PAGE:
When was it?
In the spring of 2007, before Avaaz became the powerhouse of global online politics it is today, we were approached by its founders. They were ready to launch the organization, and wanted a powerful web video that would not only reframe one of their core issues, peace in the Middle East, but also introduce Avaaz to the world.
What was it?
They wanted to up-end the stereotypes that were fueling the view that Islam and the West were two warring religious camps locked in an endless and inevitable “Clash of Civilizations.” They came to us with a rough initial concept based on a culture jam of the HSBC ads popular at the time. The idea was to flip the dyads “Exploited/Liberated” and “Friend/Enemy” and unhinge them from the stereotyped images we normally associate with them.
From that starting point we collaborated very closely. Countless iterations of script, storyboard, animatic and finished video had to pass back and forth between Avaaz and Agit-Pop before we both felt we’d nailed it. The task was an obvious political minefield. Reframing Middle East politics is, like, um, never easy. Somehow we had to be bold, irreverent and hyper-culturally sensitive all at the same time. And more than this, we had to touch people’s hearts. If you’re going to try bring people who don’t trust each other to a place of common ground, the getting there has to feel real.
Setting it up as a conversation between two women across the cultural divide helped link micro and macro, and ground the inevitably complicated politics in the fundamentals of the human experience — in love and loss, hope and solidarity. Finally, to power the narrative arc, we collaborated with DJ Spooky to cut a haunting hip-hop backing track that included both Western and Islamic influences. Oh, and then we translated the whole thing into 11 languages and threw them all up on YouTube.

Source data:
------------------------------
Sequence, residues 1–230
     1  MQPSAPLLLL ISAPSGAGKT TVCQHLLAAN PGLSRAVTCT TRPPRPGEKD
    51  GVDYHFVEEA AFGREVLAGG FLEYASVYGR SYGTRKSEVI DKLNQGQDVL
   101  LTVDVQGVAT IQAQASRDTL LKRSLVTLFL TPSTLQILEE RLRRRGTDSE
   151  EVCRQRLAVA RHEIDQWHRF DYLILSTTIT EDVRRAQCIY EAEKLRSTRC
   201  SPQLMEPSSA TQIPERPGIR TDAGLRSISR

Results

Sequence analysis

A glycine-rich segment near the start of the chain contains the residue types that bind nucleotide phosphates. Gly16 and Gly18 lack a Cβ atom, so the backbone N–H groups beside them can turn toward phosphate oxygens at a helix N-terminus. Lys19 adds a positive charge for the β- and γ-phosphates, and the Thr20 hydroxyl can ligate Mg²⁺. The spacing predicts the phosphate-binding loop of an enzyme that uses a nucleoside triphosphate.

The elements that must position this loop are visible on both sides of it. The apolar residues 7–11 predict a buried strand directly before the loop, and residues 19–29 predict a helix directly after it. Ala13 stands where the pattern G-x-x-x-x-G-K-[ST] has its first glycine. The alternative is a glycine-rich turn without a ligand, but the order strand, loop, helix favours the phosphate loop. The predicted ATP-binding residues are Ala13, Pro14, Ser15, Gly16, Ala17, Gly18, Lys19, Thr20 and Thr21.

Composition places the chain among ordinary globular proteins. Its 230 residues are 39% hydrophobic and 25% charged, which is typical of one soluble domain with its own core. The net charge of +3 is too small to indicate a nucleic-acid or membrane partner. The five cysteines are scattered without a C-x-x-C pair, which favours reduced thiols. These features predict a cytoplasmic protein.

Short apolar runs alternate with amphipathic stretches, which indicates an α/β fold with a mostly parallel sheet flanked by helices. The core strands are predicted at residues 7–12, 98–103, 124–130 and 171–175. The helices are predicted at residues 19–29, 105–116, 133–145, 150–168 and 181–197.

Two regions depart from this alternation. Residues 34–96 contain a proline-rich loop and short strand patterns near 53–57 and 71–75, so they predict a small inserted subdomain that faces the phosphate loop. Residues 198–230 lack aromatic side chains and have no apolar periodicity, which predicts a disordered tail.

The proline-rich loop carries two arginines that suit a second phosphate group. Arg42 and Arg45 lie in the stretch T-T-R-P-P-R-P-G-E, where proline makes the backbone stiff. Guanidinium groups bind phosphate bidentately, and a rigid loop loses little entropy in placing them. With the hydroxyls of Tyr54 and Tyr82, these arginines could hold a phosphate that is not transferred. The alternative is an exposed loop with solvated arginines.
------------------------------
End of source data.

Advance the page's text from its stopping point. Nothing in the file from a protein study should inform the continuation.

Well, not nothing, exactly, but not much. Fifty thousand people watched it, and ten thousand of them signed Avaaz’s petition calling for real Middle East peace talks. It got a bit of good press and was critically well received. Then it caught the eye of Steve Grove, YouTube’s Political Editor, and he featured it in his section. Again nothing much happened. It took a 15-year-old skateboarder kid from some suburb in upstate New York, who just happened to be guest curating for YouTube that week to take it viral. He saw it on the Politics list and promoted it to the YouTube front page.
How was it?
From there, things took off. Petition signatures and click-thru’s to Avaaz.org shot up. Views exploded, eventually hitting almost 3 million. Comments, especially, took on a feverish exponential growth rate, eventually hitting 63,000+ comments, and for a while becoming the second-most commented-upon political video in YouTube history.
Stop the Clash was awarded YouTube’s Best Political Video of 2007, as well as the Best of Show award at the 2007 NTEN conference. It introduced millions of people to Avaaz, and shifted the hearts and minds of countless thousands on this very difficult issue. We know more than a few people who cry every time they watch it.